It's a common refrain in today's business world that change is the only constant. More than ever, success depends on the ability of companies to adapt to these changes through innovation.
As individuals, we tend to become set in our ways as we age. The same also goes for companies.
Several studies show that as companies get older, they become more rigid. Mental inertia or resistance to change sets in. This makes it difficult for older companies to evolve and keep pace with new developments.
So how can companies reverse this and resist, or counter, a slide into obsolescence?
One way to stimulate change in a company's knowledge and capabilities is through hiring. In other words, by bringing in new blood and learning from it. However, a common temptation or pitfall for older companies is to recruit people with expertise already aligned to their own existing knowledge.
So how can companies decide on the best hiring choices to remain top of their game?
To address this, my research at the National University of Singapore Business School examined almost four decades of data from the biotechnology industry, a knowledge-intensive industry with comprehensive records of innovation activity, to determine the impact hiring has on three areas of organisational change:
•Disrupting routine activity, or changing ingrained habits;
•Introducing new knowledge to the firm; and
•Kick-starting openness to learning among existing team members.
Another important area I investigated was whether a company's "memory", acquired from past experience, helps improve performance or hampers the ability to innovate.
My findings showed that hiring new people disrupts routines among existing teams and, therefore, lowers their resistance to change. This is because incorporating new hires means companies need to reallocate and rethink routine activities that, over time, have stifled learning.
It is particularly true in older and more inert companies that are usually slow to adapt.
While introducing new hires can increase innovation by bringing fresh ideas, staff must be open to these ideas and prepared to change. In older companies, this is often not the case.
In fact, in older companies, the knowledge gap between new hires and existing employees can frequently cause team conflict, reducing their motivation to learn and change.
It is not unusual for existing employees to form powerful alliances to make sure the company continues to focus on its area of expertise.
This leads to the third core finding from my research: Hiring experienced people helps facilitate corporate learning, as more experienced outsiders are more skilled in promoting new ideas and getting existing team members onboard.
Hiring experienced people is especially important in older companies, as these firms are typically more resistant to change and need help to build a productive learning environment.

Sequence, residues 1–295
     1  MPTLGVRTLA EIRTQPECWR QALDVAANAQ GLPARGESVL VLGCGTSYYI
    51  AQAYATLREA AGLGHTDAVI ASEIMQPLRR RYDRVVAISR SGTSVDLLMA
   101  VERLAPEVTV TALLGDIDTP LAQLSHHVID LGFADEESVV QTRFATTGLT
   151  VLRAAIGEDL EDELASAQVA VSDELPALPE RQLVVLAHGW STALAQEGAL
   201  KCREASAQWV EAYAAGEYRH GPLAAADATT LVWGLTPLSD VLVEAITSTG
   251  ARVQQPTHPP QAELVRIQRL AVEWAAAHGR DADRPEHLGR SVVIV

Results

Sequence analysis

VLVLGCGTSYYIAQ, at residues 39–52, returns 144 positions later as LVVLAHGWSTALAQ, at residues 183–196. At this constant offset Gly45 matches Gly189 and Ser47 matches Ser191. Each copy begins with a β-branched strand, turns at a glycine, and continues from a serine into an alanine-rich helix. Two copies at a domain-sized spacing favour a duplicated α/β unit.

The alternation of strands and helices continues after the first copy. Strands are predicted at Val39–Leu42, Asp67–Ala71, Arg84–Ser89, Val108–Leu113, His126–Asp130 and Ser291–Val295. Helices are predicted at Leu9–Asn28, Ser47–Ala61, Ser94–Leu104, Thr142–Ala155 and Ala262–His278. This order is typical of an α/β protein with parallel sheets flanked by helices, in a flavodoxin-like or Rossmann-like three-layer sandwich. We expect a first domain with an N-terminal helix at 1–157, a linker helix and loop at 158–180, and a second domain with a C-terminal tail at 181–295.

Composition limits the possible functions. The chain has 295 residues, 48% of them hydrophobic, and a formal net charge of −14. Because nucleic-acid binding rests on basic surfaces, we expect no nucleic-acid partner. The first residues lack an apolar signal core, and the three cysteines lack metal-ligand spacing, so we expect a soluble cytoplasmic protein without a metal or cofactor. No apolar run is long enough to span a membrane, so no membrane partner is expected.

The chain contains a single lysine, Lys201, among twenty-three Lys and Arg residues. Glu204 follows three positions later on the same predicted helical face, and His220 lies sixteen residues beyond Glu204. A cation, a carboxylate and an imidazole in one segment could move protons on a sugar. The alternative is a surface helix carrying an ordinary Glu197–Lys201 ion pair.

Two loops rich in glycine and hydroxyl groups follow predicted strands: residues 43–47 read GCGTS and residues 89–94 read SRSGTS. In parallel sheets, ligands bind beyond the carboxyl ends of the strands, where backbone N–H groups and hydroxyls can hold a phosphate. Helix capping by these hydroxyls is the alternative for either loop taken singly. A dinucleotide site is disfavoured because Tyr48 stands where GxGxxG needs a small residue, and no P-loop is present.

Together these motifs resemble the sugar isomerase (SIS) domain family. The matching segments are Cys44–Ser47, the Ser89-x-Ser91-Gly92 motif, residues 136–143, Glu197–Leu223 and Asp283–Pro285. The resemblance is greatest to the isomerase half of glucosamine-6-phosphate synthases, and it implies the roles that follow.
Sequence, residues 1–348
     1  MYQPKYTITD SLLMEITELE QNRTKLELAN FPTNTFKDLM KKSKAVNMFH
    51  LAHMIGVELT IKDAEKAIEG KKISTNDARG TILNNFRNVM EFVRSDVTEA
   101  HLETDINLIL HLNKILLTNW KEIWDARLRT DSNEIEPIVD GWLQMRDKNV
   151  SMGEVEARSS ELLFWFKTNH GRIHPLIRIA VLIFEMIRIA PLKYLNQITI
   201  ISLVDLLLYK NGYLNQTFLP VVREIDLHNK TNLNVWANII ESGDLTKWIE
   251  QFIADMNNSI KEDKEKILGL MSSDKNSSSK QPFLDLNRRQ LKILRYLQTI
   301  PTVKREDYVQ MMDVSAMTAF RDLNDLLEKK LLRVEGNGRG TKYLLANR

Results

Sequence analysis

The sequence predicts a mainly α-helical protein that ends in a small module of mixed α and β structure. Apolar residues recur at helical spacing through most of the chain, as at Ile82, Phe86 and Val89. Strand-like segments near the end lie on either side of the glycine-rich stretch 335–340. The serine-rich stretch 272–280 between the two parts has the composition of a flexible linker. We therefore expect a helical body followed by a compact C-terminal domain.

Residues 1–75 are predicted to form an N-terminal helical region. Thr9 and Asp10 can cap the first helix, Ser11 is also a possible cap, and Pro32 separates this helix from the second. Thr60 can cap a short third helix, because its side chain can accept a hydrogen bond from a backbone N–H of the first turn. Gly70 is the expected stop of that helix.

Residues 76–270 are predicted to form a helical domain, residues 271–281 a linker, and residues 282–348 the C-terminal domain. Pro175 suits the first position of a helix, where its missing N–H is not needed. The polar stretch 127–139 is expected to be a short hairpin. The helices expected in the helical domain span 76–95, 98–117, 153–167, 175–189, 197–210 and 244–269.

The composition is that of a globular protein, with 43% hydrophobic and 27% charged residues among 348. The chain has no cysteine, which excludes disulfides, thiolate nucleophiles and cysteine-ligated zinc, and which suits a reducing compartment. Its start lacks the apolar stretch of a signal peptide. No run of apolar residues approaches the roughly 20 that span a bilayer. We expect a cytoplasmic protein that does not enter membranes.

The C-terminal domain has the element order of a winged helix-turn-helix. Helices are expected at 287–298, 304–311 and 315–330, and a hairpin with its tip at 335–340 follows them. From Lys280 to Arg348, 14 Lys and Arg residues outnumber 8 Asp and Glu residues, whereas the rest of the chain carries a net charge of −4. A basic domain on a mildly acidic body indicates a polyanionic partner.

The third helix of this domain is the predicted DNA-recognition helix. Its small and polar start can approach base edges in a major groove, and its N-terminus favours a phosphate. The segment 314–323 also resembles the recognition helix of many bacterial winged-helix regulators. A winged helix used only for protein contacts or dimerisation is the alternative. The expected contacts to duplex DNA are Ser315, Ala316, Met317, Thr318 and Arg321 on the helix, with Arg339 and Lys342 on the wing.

Overall, I found that in older companies, hiring results in an 86 per cent increase in core change to their knowledge and capabilities, compared with a 36 per cent increase in younger companies.
However, the opportunity for companies to evolve is limited if they don't use their memory of past experiences, such as previous events, intellectual property and relationships with people.
Companies can use this "memory muscle" to drive faster innovation and higher performance, but only if they are open to all possibilities.
That said, retaining all information accumulated by companies has little value. In fact, a lot of memory is wasteful and can make companies overly conservative by retracing their steps instead of exploring new, more risky ideas.
To make good use of their memory, companies must have an efficient process of capturing and learning from critical experiences and applying this knowledge, while being open-minded to new opportunities.
This matters too - perhaps especially so - if those experiences are negative. Mistakes and failures are important learning tools.
A company's performance depends on its ability to learn through hiring and use its memory to adapt, capture and innovate opportunities in the future.
As the need to hire experienced individuals to drive corporate learning increases, so does the need for more efficient ways to recruit, manage and integrate these people into the company.
Companies need to consider new platforms and strategies that upend traditional models and transform how employees can thrive in a learning environment.
By making learning a central driver of the company's workplace culture and a key driver of employee engagement, companies can make it part of their value proposition to attract talented employees who can help accelerate innovation and growth.
As the pace of change increases, business leaders must move decisively to address these trends to gain an advantage over competitors and adapt to the disruptive change sweeping global markets.
•The writer is associate professor of strategy and policy at the National University of Singapore Business School.